Revolts in Egypt (825–828 / 829–832) were also suppressed. On the other hand, al-Ma'mūn was less successful in fighting the Churramite Bābak , who rose up in Azerbaijan in 816 . Two military leaders who al-Maʾmūn sent against Bābak were repulsed by him.
Continuation of pro-Alidian politics in a weakened form
At the urging of his courtiers and servants, al-Ma'mūn returned to dressing Abbasid black just a week after his relocation to Baghdad, but he clung to certain Shiite elements of politics. So he decreed in 826 that the Fadak estate, which Abū Bakr had taken from the Prophet's daughter Fātima, was returned to the Aliden as their descendants. In the same year he had a herald proclaimed that whoever spoke of Muʿāwiya in good faith or preferred him to any of the companions of the Prophet was losing his civil rights. In the summer of 827 he officially declared ʿAlī ibn Abī Tālib to be “the most excellent of all men after the Messenger of God” ( afḍal an-nās baʿda rasūl Allāh ). He also endeavored to tie the seven-year-old son of ar-Ridās, Muhammad al-Jawād , closely to the ruling dynasty by promising him one of his daughters; the marriage was concluded in 830. By using the title Imam , which was preferred by the Alides, for himself, he also made it clear that he did not recognize their Imamate.
Al-Maʾmūn's former governor in Baghdad, al-Hasan ibn Sahl, withdrew from public life, but Ahmad ibn Abī Chālid, a man who had close contact with him, became the caliph's secretary. Al-Maʾmūn himself married Būrān , a daughter of al-Hasan ibn Sahl , in the winter of 825/826 to express his attachment to the Sahlid family .
Promotion of the Muʿtazila and the sciences
Al-Ma'mun had a Muʿtazilite scholar in his entourage, Thumāma ibn al-Ashras, a disciple of Bishop ibn al- Muamtamir, since he moved to Merw . During the Baghdad period he drew several other Muʿtazilites to his court, including Bishr al-Marīsī, Ibn Abī Duwād and Abu l-Hudhail . These scholars understood the Koran as a revelation created by God. In the summer of 827, al-Maʾmūn declared the doctrine of the creation of the Koran to be a state doctrine, in the same proclamation in which he raised ʿAlī ibn Abī Tālib to be "the most excellent of all men".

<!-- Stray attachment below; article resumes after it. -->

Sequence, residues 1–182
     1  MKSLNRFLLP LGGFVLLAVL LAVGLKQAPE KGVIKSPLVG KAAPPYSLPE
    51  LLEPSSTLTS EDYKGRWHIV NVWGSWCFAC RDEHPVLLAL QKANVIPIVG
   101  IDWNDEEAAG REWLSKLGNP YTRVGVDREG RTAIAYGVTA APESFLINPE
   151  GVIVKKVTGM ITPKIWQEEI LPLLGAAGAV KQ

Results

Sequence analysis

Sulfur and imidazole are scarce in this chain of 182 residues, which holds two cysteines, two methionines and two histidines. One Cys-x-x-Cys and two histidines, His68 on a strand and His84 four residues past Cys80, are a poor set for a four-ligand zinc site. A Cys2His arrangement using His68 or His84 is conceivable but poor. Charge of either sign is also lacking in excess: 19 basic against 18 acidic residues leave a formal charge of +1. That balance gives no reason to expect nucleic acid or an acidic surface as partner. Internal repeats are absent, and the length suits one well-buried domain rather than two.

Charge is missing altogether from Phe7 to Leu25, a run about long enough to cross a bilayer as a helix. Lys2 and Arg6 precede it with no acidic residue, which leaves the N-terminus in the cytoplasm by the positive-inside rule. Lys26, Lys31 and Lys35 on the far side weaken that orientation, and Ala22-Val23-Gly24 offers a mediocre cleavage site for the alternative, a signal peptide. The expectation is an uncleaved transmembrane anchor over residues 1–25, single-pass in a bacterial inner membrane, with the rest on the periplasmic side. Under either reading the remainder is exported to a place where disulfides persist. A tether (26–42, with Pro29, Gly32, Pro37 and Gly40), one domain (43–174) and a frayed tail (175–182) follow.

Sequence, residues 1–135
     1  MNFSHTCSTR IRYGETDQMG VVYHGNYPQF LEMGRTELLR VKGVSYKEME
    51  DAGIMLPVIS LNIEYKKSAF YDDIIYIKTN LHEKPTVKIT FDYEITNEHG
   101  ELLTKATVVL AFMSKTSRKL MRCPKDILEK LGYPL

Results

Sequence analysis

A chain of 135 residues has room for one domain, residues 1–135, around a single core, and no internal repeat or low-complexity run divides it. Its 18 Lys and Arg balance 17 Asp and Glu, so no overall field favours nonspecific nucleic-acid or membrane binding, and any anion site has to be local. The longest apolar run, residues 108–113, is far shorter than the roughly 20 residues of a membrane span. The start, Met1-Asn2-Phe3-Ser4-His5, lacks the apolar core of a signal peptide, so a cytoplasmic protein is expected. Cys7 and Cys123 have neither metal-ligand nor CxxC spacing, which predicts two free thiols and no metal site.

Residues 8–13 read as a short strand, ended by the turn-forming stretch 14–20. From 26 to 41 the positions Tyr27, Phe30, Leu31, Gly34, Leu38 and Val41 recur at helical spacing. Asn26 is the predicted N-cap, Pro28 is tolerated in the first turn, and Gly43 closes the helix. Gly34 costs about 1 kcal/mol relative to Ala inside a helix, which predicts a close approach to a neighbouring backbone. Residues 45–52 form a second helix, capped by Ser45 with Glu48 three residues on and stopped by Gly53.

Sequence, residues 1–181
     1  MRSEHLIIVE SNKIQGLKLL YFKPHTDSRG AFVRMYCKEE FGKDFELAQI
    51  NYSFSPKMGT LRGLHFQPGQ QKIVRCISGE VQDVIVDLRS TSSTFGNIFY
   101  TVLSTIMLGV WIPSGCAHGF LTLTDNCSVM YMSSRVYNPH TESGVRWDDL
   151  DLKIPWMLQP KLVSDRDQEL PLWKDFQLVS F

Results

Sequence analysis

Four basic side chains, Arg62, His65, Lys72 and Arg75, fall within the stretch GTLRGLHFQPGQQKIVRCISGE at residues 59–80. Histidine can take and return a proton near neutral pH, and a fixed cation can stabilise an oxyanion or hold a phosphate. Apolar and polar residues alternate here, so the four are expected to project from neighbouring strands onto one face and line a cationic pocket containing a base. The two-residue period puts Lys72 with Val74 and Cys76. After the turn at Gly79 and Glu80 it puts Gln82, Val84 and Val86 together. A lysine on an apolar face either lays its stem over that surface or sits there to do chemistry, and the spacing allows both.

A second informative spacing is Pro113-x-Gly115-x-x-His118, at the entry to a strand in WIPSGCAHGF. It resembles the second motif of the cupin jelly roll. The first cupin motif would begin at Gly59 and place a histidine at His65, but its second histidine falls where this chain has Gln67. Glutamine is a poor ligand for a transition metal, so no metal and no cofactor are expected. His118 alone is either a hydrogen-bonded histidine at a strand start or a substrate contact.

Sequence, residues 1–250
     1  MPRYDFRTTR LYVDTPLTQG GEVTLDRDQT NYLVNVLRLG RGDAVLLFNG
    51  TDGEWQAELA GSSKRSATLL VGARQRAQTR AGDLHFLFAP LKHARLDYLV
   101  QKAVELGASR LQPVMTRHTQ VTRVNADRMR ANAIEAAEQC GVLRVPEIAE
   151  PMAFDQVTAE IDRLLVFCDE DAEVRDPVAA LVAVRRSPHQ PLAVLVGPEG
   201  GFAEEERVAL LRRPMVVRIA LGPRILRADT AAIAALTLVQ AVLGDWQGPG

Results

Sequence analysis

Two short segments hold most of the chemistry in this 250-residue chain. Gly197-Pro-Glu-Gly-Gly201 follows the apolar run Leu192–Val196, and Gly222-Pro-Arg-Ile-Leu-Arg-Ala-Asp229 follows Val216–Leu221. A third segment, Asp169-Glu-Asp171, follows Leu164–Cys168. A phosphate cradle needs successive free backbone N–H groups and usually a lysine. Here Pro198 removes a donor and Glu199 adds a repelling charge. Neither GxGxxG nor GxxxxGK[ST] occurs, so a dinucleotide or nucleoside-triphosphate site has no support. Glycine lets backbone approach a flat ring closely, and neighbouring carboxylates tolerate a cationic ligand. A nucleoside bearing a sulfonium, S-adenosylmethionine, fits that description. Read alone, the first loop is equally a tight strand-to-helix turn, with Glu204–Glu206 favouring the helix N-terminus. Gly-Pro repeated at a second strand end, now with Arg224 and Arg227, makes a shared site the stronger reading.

Just a few months before his death in 833, he had the lawyers and religious scholars of the capital, especially those who held public office, take an oath on the doctrine of the creation of the Koran. With this he started the Mihna , which was maintained under his two successors.
Al-Ma'mūn was personally very interested in the sciences and had numerous Greek (and also some Middle Persian ) works on logic , mathematics , medicine and astronomy translated into Arabic and determined the circumference of the globe with a more precise value than Christopher Columbus . The center of the Greek-Arabic translation activities was the Caliphary Library in Baghdad, which, following Sasanian tradition, was called the House of Wisdom .